Twenty years ago the best colleges and universities in the U. S. turned up their noses at the US News & World Report’s “best colleges” ratings. At the beginning of last year Malcolm Gladwell wrote an excellent article in The New Yorker tearing the ratings to small fine shreds. Other shredding operations have been conducted, and sensible people should consider them disposed of. Far from it: the ratings continue to make their undead way, arms outstretched, towards successive classes of high-school seniors caught up in the admissions “process.”
And not just the high-school seniors. Even very good universities that have ten or twenty applicants for each place, and that should be ignoring the ratings game, produce mailers that they send to top scorers on the SAT. Their own “thin envelope” letters note that there are many qualified applicants for every place, so why do they do it? The only explanation can be that they want to have a higher ratio of applications to admissions in order to boost their ratings.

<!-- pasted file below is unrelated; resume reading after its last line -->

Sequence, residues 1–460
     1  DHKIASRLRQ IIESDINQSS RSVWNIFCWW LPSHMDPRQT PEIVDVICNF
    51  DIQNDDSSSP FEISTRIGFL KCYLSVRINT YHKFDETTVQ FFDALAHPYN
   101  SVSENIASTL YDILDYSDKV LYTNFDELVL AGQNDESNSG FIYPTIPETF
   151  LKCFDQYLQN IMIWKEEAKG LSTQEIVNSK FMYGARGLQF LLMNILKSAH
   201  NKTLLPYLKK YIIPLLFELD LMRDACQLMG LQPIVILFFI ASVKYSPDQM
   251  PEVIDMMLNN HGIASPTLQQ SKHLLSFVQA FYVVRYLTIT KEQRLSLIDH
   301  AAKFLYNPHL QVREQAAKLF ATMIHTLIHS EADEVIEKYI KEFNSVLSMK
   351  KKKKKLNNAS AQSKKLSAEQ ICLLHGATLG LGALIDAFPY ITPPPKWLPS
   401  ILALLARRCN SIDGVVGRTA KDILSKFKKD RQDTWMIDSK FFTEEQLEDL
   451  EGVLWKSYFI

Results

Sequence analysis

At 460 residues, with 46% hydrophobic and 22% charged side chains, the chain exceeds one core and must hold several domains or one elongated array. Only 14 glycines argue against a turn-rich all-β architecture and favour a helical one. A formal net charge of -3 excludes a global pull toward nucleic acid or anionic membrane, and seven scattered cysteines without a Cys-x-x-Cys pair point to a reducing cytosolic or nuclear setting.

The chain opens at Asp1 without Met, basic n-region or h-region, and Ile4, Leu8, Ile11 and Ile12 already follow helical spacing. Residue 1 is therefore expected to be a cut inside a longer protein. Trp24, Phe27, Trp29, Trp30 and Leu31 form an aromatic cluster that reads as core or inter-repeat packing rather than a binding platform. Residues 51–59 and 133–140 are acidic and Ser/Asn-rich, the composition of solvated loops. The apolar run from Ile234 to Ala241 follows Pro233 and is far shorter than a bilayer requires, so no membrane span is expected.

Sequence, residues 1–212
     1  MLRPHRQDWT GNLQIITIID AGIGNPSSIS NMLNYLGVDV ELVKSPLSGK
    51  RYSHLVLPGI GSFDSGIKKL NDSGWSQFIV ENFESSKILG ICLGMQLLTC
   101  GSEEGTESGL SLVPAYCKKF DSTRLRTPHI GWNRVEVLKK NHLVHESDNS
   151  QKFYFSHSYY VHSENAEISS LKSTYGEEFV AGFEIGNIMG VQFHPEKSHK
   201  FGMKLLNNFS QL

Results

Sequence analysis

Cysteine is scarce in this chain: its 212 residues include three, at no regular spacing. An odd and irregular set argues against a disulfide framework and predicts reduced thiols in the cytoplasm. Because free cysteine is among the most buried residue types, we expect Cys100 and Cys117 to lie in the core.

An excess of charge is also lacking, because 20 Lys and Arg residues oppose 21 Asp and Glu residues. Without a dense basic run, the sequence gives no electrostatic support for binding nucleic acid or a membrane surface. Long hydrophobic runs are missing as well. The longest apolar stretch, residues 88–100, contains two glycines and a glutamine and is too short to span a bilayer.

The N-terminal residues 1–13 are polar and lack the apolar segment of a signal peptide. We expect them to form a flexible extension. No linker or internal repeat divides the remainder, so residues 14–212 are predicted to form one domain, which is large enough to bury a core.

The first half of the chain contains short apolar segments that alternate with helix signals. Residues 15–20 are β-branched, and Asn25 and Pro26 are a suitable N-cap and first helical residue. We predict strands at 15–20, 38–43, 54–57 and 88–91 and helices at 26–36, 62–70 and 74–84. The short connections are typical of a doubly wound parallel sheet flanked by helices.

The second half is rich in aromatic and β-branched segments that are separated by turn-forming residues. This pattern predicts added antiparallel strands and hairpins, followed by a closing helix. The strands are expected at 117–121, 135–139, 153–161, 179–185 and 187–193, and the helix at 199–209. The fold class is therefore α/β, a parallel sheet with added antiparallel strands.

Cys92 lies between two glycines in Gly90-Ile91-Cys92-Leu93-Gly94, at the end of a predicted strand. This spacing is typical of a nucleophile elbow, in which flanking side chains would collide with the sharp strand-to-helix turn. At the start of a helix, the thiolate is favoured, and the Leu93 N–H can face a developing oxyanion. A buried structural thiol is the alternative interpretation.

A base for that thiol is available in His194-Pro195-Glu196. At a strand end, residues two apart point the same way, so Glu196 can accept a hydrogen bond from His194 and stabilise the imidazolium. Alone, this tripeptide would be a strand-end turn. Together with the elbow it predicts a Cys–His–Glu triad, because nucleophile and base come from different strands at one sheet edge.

Only such thinking can explain another phenomenon, the move towards viewing admission interviews by alumni/ae as a marketing tool. Admissions officers from good or excellent universities “explain” that an interview acts as a kind of “bonding experience” shown to be effective by market research in producing a “yes” from admitted high-school seniors. The more “yeses,” the higher the yield ratio and the resulting rating.
There seems to be no end in sight to the nonsense, for it is difficult to detach oneself from the whirligig. Gladwell notes that even the statistics about the “value” of a top-shelf degree comprise other factors than just the quality of the education received, but it doesn’t stop the clamor at the ivy gates. High school teachers and counselors as well as the parents of juniors and seniors should be helping students to look beyond the dazzle of university ratings to make intelligent and satisfying choices, but very often our role ends up being to console them when those gates slam in their faces.